The dead from the explosion were carried by steamboat up to Chattahoochee, where they were buried not far from what was then the arsenal complex. The location of the cemetery was lost over time, but was accidentally discovered several decades ago during a construction project. The monument seen here was placed to mark the site and memorialize the men who died in the terrible accident.
The warship itself was raised by work crews and taken upriver to Columbus, Georgia, where she was refitted and was again ready for action by the end of the war. She was scuttled by her own crew in 1865 when Columbus fell to Union troops to prevent her capture. A portion of the wreck of the Chattahoochee has been salvaged and can be seen today at the Port Columbus National Civil War Naval Museum in Columbus.
Our series will continue.

Sunday, May 4, 2008

Book Sale ends Tomorrow at Noon

Just a quick reminder that the special sale on the books The Battle of Marianna, Florida, The Battle of Natural Bridge, Florida and Two Egg, Florida: A Collection of Ghost Stories, Legends and Unusual Facts will end tomorrow at noon.

I received a number of requests that I extend the offer through the weekend, so it is still available. You can purchase any or all of the books at the best price that will be available this year.

Just visit and you will find ordering information.

Apalachicola River, Part Six

This is part six of a continuing series on Civil War sites along Florida's Apalachicola River.

Continuing a look at the surviving structures of the historic Apalachicola Arsenal in Chattahoochee, this photograph shows one of the few surviving portions of the original brick wall that surrounded the complex.

Nine feet high and 30 inches thick, the wall surrounded the 4 square acre main compound of the arsenal and was built into the walls of the post buildings. The surviving section seen here projects from the original office structure, which adjoins the arsenal guardhouse and officers' quarters. The three buildings, along with one of the external magazines, are the only remaining intact structures from the compound.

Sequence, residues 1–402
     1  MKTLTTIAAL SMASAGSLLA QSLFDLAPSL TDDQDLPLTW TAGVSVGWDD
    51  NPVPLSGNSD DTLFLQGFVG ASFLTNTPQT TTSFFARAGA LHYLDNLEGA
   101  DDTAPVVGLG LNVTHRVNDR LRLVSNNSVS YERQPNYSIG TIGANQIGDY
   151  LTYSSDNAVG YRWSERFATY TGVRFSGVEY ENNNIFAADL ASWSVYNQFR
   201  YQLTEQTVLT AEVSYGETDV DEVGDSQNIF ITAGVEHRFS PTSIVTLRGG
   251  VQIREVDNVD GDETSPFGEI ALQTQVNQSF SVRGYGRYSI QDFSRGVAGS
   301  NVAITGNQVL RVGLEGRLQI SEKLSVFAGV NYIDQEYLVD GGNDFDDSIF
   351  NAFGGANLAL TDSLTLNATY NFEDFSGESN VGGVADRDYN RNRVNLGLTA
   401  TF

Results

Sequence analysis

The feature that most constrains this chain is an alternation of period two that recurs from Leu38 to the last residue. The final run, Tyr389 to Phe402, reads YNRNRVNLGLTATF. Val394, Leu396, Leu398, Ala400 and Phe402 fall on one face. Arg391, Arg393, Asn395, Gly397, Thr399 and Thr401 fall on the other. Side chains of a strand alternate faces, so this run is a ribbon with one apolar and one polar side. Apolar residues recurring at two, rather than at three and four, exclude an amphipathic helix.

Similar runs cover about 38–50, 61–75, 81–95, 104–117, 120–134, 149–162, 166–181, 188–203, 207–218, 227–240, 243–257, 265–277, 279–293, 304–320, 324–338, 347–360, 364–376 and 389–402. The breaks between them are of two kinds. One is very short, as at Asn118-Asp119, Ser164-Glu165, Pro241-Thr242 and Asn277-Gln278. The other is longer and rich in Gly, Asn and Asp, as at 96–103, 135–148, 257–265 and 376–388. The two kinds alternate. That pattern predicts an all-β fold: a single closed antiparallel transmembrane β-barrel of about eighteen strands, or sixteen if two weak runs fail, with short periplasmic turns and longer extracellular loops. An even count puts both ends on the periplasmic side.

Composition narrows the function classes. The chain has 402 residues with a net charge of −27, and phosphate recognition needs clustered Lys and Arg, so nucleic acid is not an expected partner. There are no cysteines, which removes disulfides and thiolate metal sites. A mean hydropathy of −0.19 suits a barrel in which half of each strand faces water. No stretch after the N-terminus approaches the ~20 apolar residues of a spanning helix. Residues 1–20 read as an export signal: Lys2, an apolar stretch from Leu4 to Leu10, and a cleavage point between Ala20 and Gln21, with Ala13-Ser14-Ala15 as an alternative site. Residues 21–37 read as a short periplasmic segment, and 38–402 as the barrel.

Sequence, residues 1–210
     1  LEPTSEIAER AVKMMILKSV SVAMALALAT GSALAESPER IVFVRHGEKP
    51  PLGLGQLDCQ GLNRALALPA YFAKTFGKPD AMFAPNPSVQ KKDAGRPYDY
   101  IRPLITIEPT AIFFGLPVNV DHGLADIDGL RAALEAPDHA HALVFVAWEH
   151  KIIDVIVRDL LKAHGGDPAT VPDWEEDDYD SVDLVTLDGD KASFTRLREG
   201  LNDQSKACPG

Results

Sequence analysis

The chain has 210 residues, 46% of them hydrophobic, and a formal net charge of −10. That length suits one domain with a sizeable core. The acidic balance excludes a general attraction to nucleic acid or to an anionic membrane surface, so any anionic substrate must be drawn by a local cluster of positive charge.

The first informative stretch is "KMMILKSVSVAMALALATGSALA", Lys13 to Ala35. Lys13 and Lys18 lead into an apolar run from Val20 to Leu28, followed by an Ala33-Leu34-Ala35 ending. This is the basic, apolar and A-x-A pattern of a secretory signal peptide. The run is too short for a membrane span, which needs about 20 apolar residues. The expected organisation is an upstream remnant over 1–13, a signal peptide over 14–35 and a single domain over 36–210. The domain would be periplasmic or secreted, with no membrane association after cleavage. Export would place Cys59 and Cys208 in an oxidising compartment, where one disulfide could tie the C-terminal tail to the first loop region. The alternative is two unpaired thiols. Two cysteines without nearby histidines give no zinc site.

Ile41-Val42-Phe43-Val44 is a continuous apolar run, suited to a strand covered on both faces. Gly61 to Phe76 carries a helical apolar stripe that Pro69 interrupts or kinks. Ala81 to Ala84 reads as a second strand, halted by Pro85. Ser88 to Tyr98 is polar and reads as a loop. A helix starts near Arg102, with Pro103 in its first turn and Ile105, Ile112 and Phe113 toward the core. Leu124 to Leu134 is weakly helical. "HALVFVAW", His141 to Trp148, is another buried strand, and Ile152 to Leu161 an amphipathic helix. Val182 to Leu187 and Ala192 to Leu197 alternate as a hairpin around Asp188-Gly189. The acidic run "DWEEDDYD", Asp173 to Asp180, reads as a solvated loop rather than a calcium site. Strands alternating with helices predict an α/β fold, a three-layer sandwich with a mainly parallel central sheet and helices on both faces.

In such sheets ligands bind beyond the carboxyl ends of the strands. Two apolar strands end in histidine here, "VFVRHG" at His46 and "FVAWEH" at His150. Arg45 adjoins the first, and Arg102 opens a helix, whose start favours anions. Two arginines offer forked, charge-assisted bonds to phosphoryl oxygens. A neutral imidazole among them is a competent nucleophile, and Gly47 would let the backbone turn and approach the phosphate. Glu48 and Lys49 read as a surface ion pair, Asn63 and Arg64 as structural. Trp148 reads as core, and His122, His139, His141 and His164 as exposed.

Confederate troops remained based here throughout the war and in 1864, even as he was continuing his March to the Sea and through the Carolinas, Union General William Tecumseh Sherman noted in a letter to General U.S. Grant that the arsenal was a place of "importance" and should be taken by an expedition up from the Gulf. He believed its capture would open the door for an invasion of South Georgia.

Sherman's recommendation apparently revolved over subsequent months into the ill-fated Union attack that ended at the Battle of Natural Bridge near Tallahassee on March 6, 1865. A section of Confederate field artillery was stationed at the arsenal when that expedition began and arrived on the field in time to participate in the battle.

When the war ended, the arsenal reverted to the control of the U.S. military. It was reported to be in poor condition by that point and never again served much of a military role, although detachments of troops were based there. It was soon turned over to the State of Florida for use as a prison, a role that it served for a number of years. It eventually became the central core of today's Florida State Hospital.

Many of the original buildings were still intact as late as 1958, but were demolished during the 1960s. The surviving four structures, however, are no preserved as important parts of the hospital campus.

Our series will continue.